I’ve kept them with many species of files (Acreichthys tomentosus, Pervagor melanocephalus, Chaetoderma pencilligera, Cantherhines sandwichiensis, Oxymonacanthus longirostris and Monacanthus tuckeri) without any problems. They sometimes battle over food, but that’s about it. I think that’s a direct relationship with the quantity of food and available space. I think keeping multiple specimens is fine, depending on the size of the system.

You’ve reported spawnings in other Pervagor. What happened and do you think you’re likely to eventually see similar things with your spilosoma?

The spawning of the melanocephalus was unexpected. I happened to catch the male and female together near a rock clearing out some sand and laying eggs.  All of my filefish have been noted spawning except my pencilligera, Stephanolepis hispidus and Monacanthus tuckeri. Hopefully I will have a similar experience with the spilosoma but I am still working on sexing them.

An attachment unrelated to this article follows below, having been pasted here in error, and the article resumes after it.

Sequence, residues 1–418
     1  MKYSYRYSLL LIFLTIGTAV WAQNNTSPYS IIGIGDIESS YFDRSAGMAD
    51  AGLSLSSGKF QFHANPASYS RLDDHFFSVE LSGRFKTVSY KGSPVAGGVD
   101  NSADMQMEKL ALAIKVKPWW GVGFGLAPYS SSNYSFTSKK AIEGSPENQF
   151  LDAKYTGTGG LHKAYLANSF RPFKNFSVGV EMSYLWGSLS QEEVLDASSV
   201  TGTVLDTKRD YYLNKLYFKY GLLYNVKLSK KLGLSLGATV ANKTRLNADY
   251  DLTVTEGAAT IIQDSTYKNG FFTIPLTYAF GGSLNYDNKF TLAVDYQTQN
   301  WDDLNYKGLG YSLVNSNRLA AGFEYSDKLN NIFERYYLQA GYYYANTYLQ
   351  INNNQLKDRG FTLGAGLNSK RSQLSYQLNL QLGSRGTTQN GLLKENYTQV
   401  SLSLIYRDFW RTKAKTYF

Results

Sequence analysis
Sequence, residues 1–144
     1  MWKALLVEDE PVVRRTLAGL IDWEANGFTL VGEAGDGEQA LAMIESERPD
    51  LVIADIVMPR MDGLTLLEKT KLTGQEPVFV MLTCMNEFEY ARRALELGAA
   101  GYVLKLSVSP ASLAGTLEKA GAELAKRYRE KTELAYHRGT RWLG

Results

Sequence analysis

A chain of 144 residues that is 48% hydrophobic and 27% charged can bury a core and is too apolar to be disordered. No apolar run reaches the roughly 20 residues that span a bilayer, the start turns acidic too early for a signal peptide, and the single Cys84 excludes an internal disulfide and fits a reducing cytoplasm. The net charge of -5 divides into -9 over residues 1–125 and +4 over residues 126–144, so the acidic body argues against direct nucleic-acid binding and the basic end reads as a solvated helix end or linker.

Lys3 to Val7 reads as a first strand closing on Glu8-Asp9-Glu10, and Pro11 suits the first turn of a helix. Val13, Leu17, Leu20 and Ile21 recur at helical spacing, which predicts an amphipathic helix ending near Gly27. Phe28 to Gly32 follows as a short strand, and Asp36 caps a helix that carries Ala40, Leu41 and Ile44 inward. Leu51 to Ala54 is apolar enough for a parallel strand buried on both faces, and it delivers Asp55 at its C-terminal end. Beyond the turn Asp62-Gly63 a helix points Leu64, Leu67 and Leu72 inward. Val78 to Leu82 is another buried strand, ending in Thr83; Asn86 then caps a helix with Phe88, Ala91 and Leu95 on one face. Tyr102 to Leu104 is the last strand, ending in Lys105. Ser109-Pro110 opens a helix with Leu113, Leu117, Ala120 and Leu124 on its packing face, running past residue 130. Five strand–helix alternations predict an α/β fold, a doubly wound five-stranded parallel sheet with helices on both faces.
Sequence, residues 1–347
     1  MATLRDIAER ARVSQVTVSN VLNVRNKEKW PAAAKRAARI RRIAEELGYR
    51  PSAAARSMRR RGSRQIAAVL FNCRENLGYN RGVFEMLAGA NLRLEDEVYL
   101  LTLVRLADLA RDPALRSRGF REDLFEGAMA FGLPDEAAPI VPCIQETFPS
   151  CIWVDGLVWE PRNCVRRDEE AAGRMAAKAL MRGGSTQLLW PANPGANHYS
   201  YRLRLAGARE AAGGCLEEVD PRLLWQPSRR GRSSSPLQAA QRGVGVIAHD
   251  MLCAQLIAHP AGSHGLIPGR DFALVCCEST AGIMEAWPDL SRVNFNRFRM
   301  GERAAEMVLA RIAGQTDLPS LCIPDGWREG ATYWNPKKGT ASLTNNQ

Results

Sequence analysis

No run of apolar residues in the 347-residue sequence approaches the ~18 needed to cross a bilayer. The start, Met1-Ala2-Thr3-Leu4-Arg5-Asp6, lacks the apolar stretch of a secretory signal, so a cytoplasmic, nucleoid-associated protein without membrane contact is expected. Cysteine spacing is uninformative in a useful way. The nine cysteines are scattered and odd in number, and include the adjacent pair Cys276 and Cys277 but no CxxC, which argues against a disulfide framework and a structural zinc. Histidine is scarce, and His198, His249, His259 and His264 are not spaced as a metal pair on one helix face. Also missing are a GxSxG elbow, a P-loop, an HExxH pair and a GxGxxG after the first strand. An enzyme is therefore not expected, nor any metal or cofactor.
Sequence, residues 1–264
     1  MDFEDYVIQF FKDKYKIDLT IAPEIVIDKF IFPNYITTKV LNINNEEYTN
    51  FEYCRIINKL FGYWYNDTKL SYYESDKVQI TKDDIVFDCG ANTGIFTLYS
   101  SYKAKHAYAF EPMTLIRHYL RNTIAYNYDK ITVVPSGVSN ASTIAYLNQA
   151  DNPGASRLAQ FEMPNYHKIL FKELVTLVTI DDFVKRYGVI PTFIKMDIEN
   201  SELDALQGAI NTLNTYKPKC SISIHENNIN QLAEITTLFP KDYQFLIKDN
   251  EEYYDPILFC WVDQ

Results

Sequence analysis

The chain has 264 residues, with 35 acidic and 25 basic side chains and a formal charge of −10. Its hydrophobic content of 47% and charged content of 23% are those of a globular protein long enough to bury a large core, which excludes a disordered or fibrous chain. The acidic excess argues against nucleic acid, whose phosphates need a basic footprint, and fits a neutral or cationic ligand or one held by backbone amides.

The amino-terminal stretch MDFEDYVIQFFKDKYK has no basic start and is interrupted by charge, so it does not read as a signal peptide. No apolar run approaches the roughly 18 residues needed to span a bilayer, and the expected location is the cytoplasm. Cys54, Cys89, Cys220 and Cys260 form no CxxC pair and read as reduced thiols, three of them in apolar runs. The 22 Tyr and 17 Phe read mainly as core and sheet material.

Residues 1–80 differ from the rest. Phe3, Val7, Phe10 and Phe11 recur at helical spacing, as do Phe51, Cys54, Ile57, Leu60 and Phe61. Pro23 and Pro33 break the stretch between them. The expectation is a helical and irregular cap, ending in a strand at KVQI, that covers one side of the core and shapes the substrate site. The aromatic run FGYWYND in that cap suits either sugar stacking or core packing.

What do you feed yours and how easy are they compared to other filefishes?

Like most files (longirostris being an exception) they are pretty easy to get eating. Mine eat frozen Mysis, pellet foods, live grass shrimp and large amphipods. Occasionally I would offer cocktail shrimp and squid. Of the filefish I’ve kept, they are among the easiest to get eating.

Did you know?

  • The Hawaiian name for filefish is ‘o’ili’ which roughly translated means ‘makes a sudden appearance’, and refers to the amazing spawning spectacle these fish create every so often.
  •  The Fan-tailed filefish is more specifically known among Hawaiians as ‘o’ili ‘uwi ‘uwi’. The latter part means ‘squealing’ and refers to the squeaking noise they make with their swimbladder when removed from water.
  •  Apparently they’re not very tasty, but Hawaiians used to dry them and their oily flesh apparently makes good fuel for cooking tastier, less bony species.

This article was first published in the October 2009 issue of Practical Fishkeeping magazine. It may not be reproduced without written permission.